Downplay import substitution, get on global market, Adesina charges Nigeria
•Country’s export revenue at level Malaysia was in 1990
Reeling out data from across the world on how export has changed the fate of economies, President of the African Development Bank (AfDB), Dr. Akinwumi Adesina, urged Nigeria to dump the layback economic models and survival mode while joining the Asian countries to compete for the huge export market.
In his tradition, the former Nigeria’s minister of agriculture, yesterday in Lagos, spoke excitedly about the huge potential of the economy but warned that the import substitution policy option would continue to mask the opportunities to transform the country to the real “lion king” and increase the economic growth substantially.
At 2.31 year-on-year (Y/Y) growth in quarter one, Adesina, who spoke at BusinessDay CEO Forum 2023, said the country is developing too slowly and well below its potential, charging “the lion king in the making” to learn how to roar.
“The key to unleashing Nigeria’s lionhood is engineering an industrial revolution, the likes of which we have not seen before. It must be deliberate and intentional,” the AfDB boss noted.
Part of the engineering, he said, would require de-emphasizing the historical focus on the restrictive import substitution model and taking the path of the Asian countries in exploring the unlimited opportunities in export. He regretted that Nigeria’s manufacturing sector represents only three per cent of the total revenue from exports whereas it accounts for 50 per cent of the country’s imports.
“Import substitution, while important, is a very restrictive vision. It is focused primarily on survival, instead of looking to create wealth through greater export markets and value diversification. The result is a manufacturing sector that cannot even develop to reach its full potential nor compete globally. Rather, it is limited to a ‘survival mode’, and not a ‘global manufacturing growth mode’.
“Nigeria should have greater ambition for its manufacturing sector, by shifting toward being integrated into and moving up global and regional value chains, in areas of comparative advantage, specialisation and competitiveness. A well-developed and policy-enabled manufacturing sector, with export orientation, will spur greater innovation, accelerate business and investment-friendly industrial policies to drive export market development and structural transformations of the economy,” he said.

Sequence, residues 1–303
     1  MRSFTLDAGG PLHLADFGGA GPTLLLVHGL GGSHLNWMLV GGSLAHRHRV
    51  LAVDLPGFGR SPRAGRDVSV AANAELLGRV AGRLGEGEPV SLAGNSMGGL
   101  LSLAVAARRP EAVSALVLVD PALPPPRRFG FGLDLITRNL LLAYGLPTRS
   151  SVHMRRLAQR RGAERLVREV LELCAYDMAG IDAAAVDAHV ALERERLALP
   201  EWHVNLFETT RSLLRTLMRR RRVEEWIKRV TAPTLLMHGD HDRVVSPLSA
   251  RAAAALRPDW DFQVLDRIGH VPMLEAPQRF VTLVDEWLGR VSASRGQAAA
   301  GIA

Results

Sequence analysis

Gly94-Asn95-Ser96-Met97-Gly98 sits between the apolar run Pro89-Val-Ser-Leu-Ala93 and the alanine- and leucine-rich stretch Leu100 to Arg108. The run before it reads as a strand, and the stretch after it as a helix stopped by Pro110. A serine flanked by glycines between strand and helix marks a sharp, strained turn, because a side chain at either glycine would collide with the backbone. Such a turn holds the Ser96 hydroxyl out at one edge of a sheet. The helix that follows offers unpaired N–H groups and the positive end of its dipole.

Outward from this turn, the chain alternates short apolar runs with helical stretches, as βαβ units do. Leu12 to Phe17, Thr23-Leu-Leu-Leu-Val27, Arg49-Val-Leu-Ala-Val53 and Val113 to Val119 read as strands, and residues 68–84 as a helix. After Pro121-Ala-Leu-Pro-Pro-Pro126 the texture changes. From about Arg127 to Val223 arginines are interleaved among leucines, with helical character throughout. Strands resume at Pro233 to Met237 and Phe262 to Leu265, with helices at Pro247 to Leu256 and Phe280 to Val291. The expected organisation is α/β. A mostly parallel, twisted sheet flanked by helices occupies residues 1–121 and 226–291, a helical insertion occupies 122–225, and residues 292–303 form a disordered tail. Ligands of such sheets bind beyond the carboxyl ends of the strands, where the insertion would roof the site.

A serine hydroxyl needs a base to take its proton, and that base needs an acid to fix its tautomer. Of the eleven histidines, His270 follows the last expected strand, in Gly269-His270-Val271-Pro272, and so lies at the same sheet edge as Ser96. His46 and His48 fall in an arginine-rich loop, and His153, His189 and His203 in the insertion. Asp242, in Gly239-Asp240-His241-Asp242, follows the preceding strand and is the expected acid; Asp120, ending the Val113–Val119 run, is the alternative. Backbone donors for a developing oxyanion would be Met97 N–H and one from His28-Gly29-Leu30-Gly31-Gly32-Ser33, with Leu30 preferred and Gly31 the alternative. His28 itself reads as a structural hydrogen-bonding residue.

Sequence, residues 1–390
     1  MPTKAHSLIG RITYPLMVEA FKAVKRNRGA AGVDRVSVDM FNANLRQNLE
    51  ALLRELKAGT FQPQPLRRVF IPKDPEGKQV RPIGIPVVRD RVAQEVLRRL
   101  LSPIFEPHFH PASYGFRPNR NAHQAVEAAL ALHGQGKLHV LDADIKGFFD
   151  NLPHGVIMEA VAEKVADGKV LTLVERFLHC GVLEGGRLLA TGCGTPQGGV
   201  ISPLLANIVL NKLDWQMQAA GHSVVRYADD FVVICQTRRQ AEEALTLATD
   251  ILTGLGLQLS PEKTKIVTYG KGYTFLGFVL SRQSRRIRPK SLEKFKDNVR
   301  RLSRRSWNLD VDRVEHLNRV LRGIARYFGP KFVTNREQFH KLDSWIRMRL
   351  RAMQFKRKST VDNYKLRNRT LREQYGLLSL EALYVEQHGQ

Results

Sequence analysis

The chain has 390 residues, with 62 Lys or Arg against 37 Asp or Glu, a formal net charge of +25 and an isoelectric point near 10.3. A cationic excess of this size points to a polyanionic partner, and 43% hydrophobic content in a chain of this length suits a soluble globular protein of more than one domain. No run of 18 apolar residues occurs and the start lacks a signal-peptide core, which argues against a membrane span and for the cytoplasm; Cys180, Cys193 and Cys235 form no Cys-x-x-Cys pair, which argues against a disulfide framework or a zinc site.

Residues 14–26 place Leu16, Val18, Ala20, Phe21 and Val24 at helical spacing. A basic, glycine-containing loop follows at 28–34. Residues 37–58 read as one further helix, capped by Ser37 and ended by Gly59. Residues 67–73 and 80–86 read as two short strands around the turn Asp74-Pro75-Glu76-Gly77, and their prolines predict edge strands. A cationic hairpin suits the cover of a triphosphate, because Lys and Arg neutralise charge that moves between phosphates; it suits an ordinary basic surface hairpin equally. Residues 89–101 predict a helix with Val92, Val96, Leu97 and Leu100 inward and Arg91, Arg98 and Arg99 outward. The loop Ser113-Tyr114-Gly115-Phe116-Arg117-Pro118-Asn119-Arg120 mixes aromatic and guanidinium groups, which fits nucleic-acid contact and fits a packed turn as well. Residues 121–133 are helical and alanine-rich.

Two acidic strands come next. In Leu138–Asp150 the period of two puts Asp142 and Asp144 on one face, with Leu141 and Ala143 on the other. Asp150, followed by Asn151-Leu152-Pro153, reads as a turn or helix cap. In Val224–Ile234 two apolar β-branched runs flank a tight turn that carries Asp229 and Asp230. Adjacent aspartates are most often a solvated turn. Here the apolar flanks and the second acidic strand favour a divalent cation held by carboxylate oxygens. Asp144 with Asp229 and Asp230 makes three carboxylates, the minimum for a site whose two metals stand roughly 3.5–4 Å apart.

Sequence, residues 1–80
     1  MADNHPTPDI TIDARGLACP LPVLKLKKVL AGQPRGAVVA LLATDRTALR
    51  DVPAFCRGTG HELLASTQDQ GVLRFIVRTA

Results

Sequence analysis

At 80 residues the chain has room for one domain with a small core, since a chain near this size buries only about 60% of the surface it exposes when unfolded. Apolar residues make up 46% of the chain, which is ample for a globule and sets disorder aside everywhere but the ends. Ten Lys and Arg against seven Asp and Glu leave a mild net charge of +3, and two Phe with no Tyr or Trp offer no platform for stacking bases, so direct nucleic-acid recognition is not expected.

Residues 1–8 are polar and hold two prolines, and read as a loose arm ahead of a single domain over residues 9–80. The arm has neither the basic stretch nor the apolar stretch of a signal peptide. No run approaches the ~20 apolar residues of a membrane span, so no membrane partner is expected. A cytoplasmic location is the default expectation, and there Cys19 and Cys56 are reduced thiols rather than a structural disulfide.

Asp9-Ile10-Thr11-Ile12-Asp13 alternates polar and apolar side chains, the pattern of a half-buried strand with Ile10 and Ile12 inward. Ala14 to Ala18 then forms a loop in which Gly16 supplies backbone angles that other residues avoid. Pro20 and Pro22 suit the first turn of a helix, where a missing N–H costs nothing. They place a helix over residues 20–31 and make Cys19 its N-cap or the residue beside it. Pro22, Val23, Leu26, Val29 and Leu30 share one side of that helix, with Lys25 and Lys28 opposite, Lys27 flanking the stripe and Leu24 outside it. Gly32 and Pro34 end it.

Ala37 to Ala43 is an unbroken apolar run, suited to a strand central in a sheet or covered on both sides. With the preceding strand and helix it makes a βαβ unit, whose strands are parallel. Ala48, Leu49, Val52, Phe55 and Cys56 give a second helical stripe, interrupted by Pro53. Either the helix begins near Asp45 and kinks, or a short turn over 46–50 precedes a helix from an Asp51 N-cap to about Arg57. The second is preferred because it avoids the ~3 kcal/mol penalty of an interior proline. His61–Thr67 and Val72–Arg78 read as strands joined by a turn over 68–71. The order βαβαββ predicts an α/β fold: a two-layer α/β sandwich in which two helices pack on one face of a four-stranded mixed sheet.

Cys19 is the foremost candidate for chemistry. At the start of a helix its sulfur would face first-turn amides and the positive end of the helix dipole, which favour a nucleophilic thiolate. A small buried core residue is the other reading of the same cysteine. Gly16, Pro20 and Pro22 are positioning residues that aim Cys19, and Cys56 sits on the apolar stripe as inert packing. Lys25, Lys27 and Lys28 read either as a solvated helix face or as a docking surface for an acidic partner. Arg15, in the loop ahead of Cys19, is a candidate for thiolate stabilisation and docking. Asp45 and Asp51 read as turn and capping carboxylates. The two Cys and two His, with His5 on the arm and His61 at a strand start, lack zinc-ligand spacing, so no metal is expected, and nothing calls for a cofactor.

The success stories of Singapore, Malaysia, India and China, he said, are practical examples of how the country could jumpstart high growth with manufacturing.
As far back as 1990. He recalled Malaysia’s exports totaled $32.8 billion, about the same figure Nigeria is doing three decades after, suggesting there much work to do in unlocking the export potential of the country.
He asked: “What is the take-home message here? While Nigeria’s export basket has hardly changed, Malaysia and Vietnam have used aggressive horizontal and vertical industrial manufacturing diversification to move from low-value products to high-value market products. The result is seen in the comparative wealth of the three countries. While export value per capita is $7,100 for Malaysia and $3,600 for Vietnam, it is only $160 for Nigeria.”
An undoing and ironical character of the economy is Nigeria’s export of raw materials such as crude while relying on other economies for the byproducts of the resource. With the right policies, including focusing on export-market-driven industrial manufacturing that is integrated into global production and logistics value chain, he noted, the country’s export revenue could grow by over 10 times and “unleash a new wave of wealth”.
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